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What your stadium arrival time says about you

Jordan Gamble | Friday, September 3, 2010

9:30 am – You’re trying (and failing) to buy a ticket for your friend from Purdue from the ticket window. You leave the stadium and go take pictures with your roommates jumping in the air in front of Zahm’s “Here Come the Irish” banner until the crepes line opens at North Dining Hall. Later, your Purdue friend pays an ungodly amount to the scalpers stationed on the corner of Douglas and 933.


1:30 pm – YOU LOVE NOTRE DAME FOOTBALL SO MUCH, but you forgot about Daylight Savings Time. The gates aren’t even open yet, though you rattle them in desperation. You want to enter your cathedral of college sporting tradition, but the sanctuary is not yet willing to rescue you from the real world. You spend the next hour circling the stadium, kissing the feet of all the coaches’ statues. For the Lou Holtz one, you climb up onto the pedestal and just kind of hug him for a few minutes.


2:30 pm – YOU LOVE NOTRE DAME FOOTBALL SO MUCH. You are the first student at Gate E, and you give all the ushers high-fives and you stare in awe at all the banners and Heisman winners and … then you see how far you have to hike up the ramp to your seats in section 34. You buy an overpriced hot dog and a Commemorative Stadium Mug and wait on some steps for all your friends to show up.


2:45 pm – An hour before, you were camped out by Sorin, hoping for a glimpse of studly student-athletes in suits strolling from the basilica to the stadium. Now you’re glued to your seat, wearing your artfully-cut-up The Shirt with pride. You’re not a jersey chaser or anything, but you like to watch the team stretch.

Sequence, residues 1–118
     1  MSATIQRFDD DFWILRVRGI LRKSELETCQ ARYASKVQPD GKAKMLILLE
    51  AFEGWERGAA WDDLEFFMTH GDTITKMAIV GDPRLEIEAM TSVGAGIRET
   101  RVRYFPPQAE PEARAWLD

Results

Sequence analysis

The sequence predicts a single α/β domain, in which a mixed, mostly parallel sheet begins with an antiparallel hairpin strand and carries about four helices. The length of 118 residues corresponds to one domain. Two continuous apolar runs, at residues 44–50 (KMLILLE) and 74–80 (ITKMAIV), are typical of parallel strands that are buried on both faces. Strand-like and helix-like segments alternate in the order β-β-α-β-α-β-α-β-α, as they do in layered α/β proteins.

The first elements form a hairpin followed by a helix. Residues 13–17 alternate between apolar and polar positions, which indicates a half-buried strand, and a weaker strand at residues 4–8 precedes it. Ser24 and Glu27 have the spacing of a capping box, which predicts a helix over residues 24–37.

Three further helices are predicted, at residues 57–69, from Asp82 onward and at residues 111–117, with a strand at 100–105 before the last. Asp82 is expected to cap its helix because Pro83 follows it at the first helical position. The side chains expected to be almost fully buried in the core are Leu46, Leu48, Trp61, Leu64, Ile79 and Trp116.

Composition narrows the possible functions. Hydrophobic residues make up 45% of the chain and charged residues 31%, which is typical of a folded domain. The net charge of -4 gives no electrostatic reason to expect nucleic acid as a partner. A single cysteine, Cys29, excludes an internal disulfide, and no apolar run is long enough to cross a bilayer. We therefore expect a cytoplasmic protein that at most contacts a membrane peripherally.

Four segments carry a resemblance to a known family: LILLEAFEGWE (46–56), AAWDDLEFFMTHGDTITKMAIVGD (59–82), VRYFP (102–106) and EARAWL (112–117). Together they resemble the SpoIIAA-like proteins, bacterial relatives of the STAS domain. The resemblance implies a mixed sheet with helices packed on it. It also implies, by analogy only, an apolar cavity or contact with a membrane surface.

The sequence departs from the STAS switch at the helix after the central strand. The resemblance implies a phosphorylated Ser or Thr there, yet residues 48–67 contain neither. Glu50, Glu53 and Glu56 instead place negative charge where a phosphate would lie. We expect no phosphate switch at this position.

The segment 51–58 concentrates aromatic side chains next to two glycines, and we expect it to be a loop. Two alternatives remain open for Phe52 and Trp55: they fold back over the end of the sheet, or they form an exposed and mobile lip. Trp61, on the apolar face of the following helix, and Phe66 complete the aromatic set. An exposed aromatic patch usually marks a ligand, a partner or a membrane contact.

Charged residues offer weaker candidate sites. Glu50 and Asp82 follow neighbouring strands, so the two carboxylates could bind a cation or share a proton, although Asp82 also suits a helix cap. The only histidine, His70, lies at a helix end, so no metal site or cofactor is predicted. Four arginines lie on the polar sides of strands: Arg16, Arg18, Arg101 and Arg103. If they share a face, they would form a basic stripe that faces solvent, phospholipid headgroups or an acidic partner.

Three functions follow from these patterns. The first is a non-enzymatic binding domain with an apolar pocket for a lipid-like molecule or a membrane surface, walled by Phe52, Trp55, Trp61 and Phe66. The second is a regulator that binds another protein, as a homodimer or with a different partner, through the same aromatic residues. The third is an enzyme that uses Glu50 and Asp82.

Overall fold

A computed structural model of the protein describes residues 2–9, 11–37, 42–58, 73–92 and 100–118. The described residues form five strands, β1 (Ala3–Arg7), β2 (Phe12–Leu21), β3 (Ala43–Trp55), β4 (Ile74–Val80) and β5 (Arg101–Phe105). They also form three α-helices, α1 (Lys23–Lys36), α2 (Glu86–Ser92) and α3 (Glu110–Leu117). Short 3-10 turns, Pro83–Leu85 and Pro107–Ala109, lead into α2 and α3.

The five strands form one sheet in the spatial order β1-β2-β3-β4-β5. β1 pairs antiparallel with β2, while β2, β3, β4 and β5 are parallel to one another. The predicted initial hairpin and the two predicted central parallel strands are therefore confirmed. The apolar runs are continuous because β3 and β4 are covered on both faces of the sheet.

2:50 pm – You are a band groupie. You love the music and pageantry and marching and funny spats on shoes, so you follow the band through the Law School Arch. You give the marimba guy a wink. He looked pretty cute at drummer circle last night.


3:00 pm – You’ve filled up on free food from tailgates (the alumni giving it are possibly related to your freshman-year roommate’s cousin’s roommate) in the stadium lot, so you join the rush of people streaming into the various gates. You consider yourself a dedicated Notre Dame football fan and would under any other circumstances be there at 2:30, but man, you liked those hamburgers from Mr. Dorm Donor ’71.


3:05 pm – You make it just in time for all the patriotic and school-spirited ceremonies before the game. You are also a little bit tipsy, but you are so patriotic and you love Notre Dame and have superb balance, so you can stand on your wooden bench and belt out “America the Beautiful” and “The Star Spangled Banner” with ease. You even perfectly time your fist-pump during the Victory March.


3:15 pm – Football is fun. So is the shuttle bus from White Fields. So many new friends! Woo college! Purdon’t! Haha, get it? Purdon’t? Let’s go Irish! Go Irish, beat Trains! That’s what a Boilermaker is, right? A train?


3:30 pm – The security personnel at the gates confiscated your vuvuzela. Jerks. You even spent 10 minutes trying to conceal it in your pants and now you’re left without anything sufficiently obnoxious. You trudge in, disheartened.


3:37 pm – You catch kick-off and yell politely along with everybody else. You like football, you really do. Maybe. It’s just so confusing. You also like to sit down during time-outs and text a lot during key defensive moments. Some student section purists yell at your for being a lackluster Irish fan, but you don’t really care.


4:00 pm – You left your ticket booklet on your dining hall tray and just spent the last three hours digging through trash cans in South. The ushers manage to scan the barcode around all the scrambled eggs caked on the Purdue stub.


4:15 pm –Well, you paid $245 for the season. Might as well see what’s going on. Looks like a good time. You don’t think the benches look too comfortable. You ask an usher where the grad student section is.


Never, because you don’t have tickets – You are an international student who thinks American football is kind of ridiculous. You stay at home to watch soccer/futbol matches streaming on your laptop and do some of your homework. When your roommate comes home and collapses on the futon after a four-hour marathon of screaming and standing and jumping and touchdown push-ups, you ask how the weather was today.